I love leadership lessons. They abound in so many different areas such as classic literature, religious texts, philosophers, confidantes, workplace mentors, personal experiences, and great world leaders both past and present. In addition to these marvelous sources, I always enjoy the leadership lessons that arise in some of our contemporary movies and television programs.
Now in its third season, the HBO series, Game of Thrones, has quickly drawn a strong fan base. The genre may or may not appeal to you, but the series definitely provides some challenging leadership lessons. For the past couple weeks I have been sharing some leadership-related material connected with this series. Today’s blog post is my final one on this theme. I trust you have learned as much, and been challenged as much, as I have.
The television series is based on the original written series by George R. R. Martin entitled, Song of Ice and Fire. Set in an unusual world similar to the Middle Ages, but unlike the earth as we know it, seven major kingdoms battle for dominance.
The topography is extremely interesting because it is cast in what appears to be an inverted hollow globe perhaps a quarter the size of the earth with a small sun hovering in its center as people live on the inside surface. The sun is encased in various opaque bands that apparently by their systematic rotations create night, day, and seasons. You definitely gain a powerful sense of fantasy.
In spite of its fantastical and unusual setting, some rich leadership lessons arise from the plot and characters. Writing in Bloomberg Businessweek, Logan Hill summarizes many of these leadership lessons by quoting various series characters (“The Game of Thrones Guide to Management” 4/1/13–4/7/13, pp. 82–83). Here are a couple of my favorites on the sometimes-messy business of leadership:
“In King’s Landing, there are two sorts of people: the players and the pieces. . . . Every man’s a piece to start with, and every maid as well. Even some who think they are players.” (Petyr Baelish.)
This quote reminds us regardless of our level of leadership, we ought to be concerned not so much with how the world revolves around us, but how we revolve around the world. As much as we might sometimes think we are maneuvering other people, it may be other people are maneuvering us. Arrogance, narcissism, and selfishness can override our personalities and our intelligence if we let them. Yes, undeniably we must take charge of our lives and our leadership. Nevertheless, that should never happen at the expense of our intelligence, our morals, and our ethics.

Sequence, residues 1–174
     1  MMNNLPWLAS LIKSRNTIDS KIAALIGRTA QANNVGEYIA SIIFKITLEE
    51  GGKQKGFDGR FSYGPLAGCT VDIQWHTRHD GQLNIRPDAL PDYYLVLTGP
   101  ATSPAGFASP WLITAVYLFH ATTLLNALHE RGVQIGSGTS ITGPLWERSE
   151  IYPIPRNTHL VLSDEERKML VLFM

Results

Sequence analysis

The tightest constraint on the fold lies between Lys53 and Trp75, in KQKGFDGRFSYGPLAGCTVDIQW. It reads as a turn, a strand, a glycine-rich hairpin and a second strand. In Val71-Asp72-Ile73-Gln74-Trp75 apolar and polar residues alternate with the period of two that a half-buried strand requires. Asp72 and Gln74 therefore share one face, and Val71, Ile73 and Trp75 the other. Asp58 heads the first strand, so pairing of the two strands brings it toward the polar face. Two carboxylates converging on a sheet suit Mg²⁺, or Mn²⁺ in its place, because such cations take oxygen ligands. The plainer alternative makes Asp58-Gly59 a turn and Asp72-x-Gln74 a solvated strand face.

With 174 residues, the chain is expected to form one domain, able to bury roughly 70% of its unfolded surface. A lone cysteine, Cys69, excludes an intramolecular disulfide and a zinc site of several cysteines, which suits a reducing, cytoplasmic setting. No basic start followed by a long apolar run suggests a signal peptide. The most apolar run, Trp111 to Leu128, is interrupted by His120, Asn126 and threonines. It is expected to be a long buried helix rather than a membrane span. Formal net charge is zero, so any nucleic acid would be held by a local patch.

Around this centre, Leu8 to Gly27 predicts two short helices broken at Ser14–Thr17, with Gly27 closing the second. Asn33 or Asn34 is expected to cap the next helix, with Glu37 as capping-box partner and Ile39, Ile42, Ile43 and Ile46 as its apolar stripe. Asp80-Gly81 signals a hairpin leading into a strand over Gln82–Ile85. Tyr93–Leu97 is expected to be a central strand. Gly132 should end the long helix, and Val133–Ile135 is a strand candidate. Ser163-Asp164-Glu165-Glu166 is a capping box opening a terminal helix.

“In the game of thrones, even the humblest pieces can have wills of their own. Sometimes they refuse to make the moves you’ve planned for them.” (Petyr Baelish.)
Leadership can be a messy business. People do not always do what you would like them to do or even what they say they will do. People do not always do what is best for the organization or even what is best for them. People disappoint us . . . often. In spite of that, you cannot allow yourself to become demoralized. The superior solution is to take it all in stride, focus on the positive, and continually use it all to sharpen your own leadership.
As one of our presidents has said, no small problems ever came to his office. If it was small, then someone else had already handled it. By the time it got to his office, it was quite the mess. The principle remains true for you and me as leaders today. Leadership is, always has been, and always will be a messy business. People and situations do not always play out the way we wanted them to or even the way we thought they would. That is also part of the challenge, and yes, even the fun, of being in leadership. You get to tangle with tumultuous tasks and times. If leadership is not your calling, you will know it fast. Nevertheless, if it is your calling, then you will somehow find the strength to embrace joyfully all it brings to your door.